The UN mandate for policing the truce in the Congo expired this week, without the 500 military observers requested by the Secretary-General ever being sent into the field. It remains to be seen whether the Security Council's recent decision to send a 6,000 strong force to police the very tentative truce in Sierra Leone will be acted on. At the moment it seems more than doubtful.
The outside world appears to be almost frozen in its tracks when it comes to dealing with African civil wars.
In Somalia the UN pulled out, after the grisly death of 18 US soldiers. In Angola, the UN pulled its peacekeepers out last year after years of apparently fruitless wear and tear. And in Rwanda, the scene of the worst genocide since the killing fields of Cambodia, the UN is accused of turning a blind eye in its moment of need.
The horror of Rwanda will not go away. It lives on like the holocaust, keeping thinking people awake at night, as they struggle with their consciences over what they failed to do and what they might do to avoid a similar situation.
Just over a year ago on his African safari President Bill Clinton personally admitted fault. And earlier this month Kofi Annan, the UN's Secretary-General, made an abject apology following an inquiry made by the former Swedish prime minister, Ingvar Carlsson.
Yet we err if we think they should have known what exactly was going on, before it was too late. And we err more if we think that even when we do know what is happening in a civil war military intervention is a straightforward panacea.
In an interesting piece of detective work, published in the new issue of Foreign Affairs, Alan Kuperman shows that one major reason why the world failed to act to halt the carnage of Tutsis by Hutus in Rwanda -- the fastest genocide in recorded history -- was that the reporting was so poor that not until it was nearly over did we know what was going on. So much for "the CNN effect."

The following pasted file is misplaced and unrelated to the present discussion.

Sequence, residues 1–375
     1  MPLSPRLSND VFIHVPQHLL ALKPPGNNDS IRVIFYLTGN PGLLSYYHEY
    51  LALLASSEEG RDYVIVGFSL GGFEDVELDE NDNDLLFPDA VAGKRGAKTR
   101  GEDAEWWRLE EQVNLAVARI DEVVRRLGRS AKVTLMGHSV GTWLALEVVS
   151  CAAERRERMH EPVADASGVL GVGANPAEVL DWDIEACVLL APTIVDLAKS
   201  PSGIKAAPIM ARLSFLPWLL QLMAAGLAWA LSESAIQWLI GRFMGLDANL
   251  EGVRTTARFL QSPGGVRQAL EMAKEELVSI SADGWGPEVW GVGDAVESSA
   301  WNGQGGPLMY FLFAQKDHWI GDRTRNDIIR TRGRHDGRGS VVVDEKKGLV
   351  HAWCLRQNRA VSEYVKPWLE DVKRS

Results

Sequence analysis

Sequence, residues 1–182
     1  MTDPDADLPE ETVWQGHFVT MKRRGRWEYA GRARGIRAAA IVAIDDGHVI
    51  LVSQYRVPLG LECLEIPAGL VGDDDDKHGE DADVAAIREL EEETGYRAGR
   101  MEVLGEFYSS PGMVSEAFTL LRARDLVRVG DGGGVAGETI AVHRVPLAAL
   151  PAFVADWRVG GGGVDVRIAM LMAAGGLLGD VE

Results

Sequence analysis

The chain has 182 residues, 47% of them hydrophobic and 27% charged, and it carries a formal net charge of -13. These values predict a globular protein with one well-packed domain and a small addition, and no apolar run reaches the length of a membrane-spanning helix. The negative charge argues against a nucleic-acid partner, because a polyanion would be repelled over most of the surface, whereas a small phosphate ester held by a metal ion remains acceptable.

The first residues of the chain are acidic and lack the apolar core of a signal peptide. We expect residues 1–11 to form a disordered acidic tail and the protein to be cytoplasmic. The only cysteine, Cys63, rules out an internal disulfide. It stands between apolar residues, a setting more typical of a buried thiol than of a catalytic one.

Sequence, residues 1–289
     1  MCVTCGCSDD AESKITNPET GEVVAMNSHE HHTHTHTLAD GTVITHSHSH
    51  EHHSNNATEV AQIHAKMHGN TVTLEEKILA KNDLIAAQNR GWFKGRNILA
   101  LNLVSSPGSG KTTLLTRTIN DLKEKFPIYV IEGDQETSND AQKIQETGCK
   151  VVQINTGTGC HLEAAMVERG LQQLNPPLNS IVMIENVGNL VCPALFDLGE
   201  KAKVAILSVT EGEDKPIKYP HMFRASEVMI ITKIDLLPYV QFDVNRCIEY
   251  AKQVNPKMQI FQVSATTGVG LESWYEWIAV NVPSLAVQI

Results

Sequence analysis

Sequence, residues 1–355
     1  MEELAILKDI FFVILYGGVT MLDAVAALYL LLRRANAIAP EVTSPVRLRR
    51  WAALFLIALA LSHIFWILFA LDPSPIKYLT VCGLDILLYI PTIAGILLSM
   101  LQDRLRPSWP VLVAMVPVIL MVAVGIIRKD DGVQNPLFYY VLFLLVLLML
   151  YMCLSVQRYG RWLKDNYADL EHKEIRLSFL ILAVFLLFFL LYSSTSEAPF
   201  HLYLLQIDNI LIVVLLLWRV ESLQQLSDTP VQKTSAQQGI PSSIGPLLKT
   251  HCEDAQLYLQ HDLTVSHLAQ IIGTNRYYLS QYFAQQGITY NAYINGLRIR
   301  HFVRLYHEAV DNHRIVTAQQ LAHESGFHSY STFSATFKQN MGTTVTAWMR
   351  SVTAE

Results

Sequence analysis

The genocidal violence began on April 7, 1994. But, as Kuperman shows, "Mr Clinton [or any other outside leader] could not have known that there was a nationwide genocide under way until about April 20."
Just a few days into the genocide the New York Times reported that "fighting had diminished in intensity." Three days later Le Monde wrote, "a strange calm reigns in downtown Kigali (the capital)." Only on April 18 did a Belgian radio station question the journalistic consensus, explaining accurately that the decline in the reports of violence was because "most foreigners had left, including journalists."
Human Rights Watch, an American non-governmental organization, made the first correct guestimate when on April 20 it said that "as many as 100,000 people may have died." The Red Cross followed the next day with a press release saying "hundreds of thousands" may have died.
It has been said time and time again, if only the UN had responded to the April 10 request of General Romeo Dallaire, its man on the spot, for 5,000 more troops, the worst of the carnage could have been headed off.
But the importance of Kuperman's analysis -- aside from demonstrating the widespread ignorance -- is that it shows that a last minute intervention could not have saved most of the Tutsis from their Hutu killers.